Opening Statements of Committee Members
Opening Statement of Chairman Paul S. Sarbanes (D-MD)
Hearing on "Accounting and Investor Protection Issues Raised
by Enron and Other Public Companies:
Oversight of the Accounting Profession, Audit Quality and Independence,
and Formulation of Accounting Principles."
10:00 a.m., Wednesday, March 6, 2002 - Dirksen 538
Today, the Committee continues its examination of auditing standards and independence,
corporate financial reporting, and investor protection. As almost all of our previous witnesses
have pointed out, Enron is but one example of underlying weaknesses within our system. As the
Wall Street Journal noted yesterday:
"It's hard to deny that the boom of the 1990s produced some faster and looser behavior
by business. John Goble, the former head of Vanguard, recently pointed out that U.S.
companies restated their earnings 607 times in the past three years, more than in the entire
previous decade. Granted a company's income statement isn't everything, but it ought to
be more than fiction."(1)
Accounting abuses and lagging standard-setting are not new problems. Neither are
attempts to solve those problems through private studies.
- The debate about purchase vs. pooling for business combinations in the 1960s led
ultimately to creation of the Financial Accounting Foundation - Financial
Accounting Standards Board structure, after a report written by a group headed by
former SEC Commissioner Francis Wheat.
- the Commission on Auditors' Responsibilities, headed by former SEC Chairman
Manny Cohen, was created in 1977, after the Penn Central failure and the Equity
Funding and foreign bribery scandals of the 1970s. Its job - in words that are still
appropriate - was to:
"develop recommendations regarding the appropriate
responsibilities of independent auditors ... [and] consider whether a
gap may exist between what the public expects or needs and what
auditors can and should reasonably expect to accomplish."
- The failures at Penn Square Bank, Continental Illinois, Drysdale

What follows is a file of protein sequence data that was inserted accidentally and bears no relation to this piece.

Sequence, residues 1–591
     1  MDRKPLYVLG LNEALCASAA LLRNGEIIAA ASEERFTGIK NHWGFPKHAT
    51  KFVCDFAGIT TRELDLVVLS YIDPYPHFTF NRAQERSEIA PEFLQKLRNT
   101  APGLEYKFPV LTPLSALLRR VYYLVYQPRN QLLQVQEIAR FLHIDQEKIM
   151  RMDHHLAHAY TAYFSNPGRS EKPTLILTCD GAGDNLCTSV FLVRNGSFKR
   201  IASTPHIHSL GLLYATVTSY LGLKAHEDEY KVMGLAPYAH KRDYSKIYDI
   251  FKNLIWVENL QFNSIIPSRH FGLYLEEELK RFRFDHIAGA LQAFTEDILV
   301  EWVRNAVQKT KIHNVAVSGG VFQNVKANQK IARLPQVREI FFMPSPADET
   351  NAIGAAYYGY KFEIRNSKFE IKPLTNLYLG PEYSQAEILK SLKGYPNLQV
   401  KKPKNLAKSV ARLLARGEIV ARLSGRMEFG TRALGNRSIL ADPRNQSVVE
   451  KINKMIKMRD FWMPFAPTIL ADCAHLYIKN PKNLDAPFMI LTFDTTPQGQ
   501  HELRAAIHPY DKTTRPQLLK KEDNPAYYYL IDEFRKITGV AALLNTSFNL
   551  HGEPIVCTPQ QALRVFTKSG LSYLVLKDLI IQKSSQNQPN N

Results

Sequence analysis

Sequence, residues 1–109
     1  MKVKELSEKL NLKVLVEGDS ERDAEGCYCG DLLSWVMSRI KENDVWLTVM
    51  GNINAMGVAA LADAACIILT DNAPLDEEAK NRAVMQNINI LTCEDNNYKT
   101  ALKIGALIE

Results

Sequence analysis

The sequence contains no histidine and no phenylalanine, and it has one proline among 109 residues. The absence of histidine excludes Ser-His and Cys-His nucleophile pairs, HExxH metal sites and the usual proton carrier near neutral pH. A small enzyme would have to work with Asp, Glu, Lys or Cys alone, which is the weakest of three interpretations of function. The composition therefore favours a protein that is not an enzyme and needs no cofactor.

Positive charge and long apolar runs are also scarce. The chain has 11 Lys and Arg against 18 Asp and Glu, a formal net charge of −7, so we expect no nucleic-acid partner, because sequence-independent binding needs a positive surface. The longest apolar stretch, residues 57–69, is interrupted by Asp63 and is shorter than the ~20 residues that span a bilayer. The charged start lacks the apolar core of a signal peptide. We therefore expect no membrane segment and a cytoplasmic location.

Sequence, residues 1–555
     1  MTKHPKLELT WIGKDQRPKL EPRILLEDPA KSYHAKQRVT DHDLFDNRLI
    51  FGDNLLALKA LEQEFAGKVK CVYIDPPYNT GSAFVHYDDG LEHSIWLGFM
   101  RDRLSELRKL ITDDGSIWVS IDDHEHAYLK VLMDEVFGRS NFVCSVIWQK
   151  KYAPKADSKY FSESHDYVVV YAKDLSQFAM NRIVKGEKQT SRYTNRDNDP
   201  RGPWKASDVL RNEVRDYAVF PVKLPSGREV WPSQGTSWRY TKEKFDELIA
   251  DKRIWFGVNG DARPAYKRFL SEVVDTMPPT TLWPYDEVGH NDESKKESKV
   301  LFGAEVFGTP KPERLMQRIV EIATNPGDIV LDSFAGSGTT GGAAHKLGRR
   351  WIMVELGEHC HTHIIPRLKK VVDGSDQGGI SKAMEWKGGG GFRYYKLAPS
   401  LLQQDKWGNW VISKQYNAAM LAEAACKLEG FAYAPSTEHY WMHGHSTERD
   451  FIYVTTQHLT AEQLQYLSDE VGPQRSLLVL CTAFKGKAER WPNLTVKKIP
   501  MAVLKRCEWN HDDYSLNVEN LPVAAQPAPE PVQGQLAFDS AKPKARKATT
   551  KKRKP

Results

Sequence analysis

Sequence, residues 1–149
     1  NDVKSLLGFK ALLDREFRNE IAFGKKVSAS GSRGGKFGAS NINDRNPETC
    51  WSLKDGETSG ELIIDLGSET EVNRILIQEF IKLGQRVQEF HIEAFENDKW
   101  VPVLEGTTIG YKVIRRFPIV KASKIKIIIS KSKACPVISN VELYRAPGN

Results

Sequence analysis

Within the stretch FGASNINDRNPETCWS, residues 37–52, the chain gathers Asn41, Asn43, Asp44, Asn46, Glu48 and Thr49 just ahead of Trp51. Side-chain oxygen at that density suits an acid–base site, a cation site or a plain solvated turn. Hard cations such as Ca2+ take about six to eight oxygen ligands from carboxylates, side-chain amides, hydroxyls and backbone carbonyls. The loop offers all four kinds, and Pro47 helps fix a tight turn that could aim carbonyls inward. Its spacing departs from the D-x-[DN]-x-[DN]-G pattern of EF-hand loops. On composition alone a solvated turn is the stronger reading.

Government Securities, and Baldwin United, among others, in the 1980s
led to creation of a National Commission on Fraudulent Financial
Practices, led by former SEC Commissioner James Treadway, in 1986,
amid industry claims of "a crisis in public confidence."
- An SEC request that the Public Oversight Board "examine whether recent
changes in the audit process serve and protect the interests of investors"
led to creation in 1998 of the Panel on Audit Effectiveness, led by Shaun
O'Malley, former Chair of Price Waterhouse. The "O' Malley Report"
was issued in August 2000.
Unfortunately, only a fraction of the recommendations made by the Cohen, Treadway,
and O'Malley reports have been adopted.
This morning's witnesses are all veterans of or commentators on one or more of the efforts I have just described. They bring the perspective of their long experience to our deliberations.
On our first panel,
- Lee Seidler was the Deputy Chairman of and accepted the responsibility for
leading the Cohen Commission after Manny Cohen's death.
- Shaun O'Malley, as I have just mentioned, led the most recent study of audit
- Arthur Wyatt produced "A Critical Study of Accounting for Business
Combinations," that and his conclusions started the reaction that produced the
On our second panel:
- Abraham Briloff, the Emanuel Saxe Distinguished Professor Emeritus at Baruch
College of the City University of New York, is a long-time student of accounting
- Bevis Longstreth was a member of the O'Malley Panel and a member from 1981-84 of the Securities and Exchange Commission (to which he was twice appointed
by President Reagan).
I look forward to hearing our witnesses.
1. "Andersen Agonistes," WSJ p. A-16, March 5, 2002.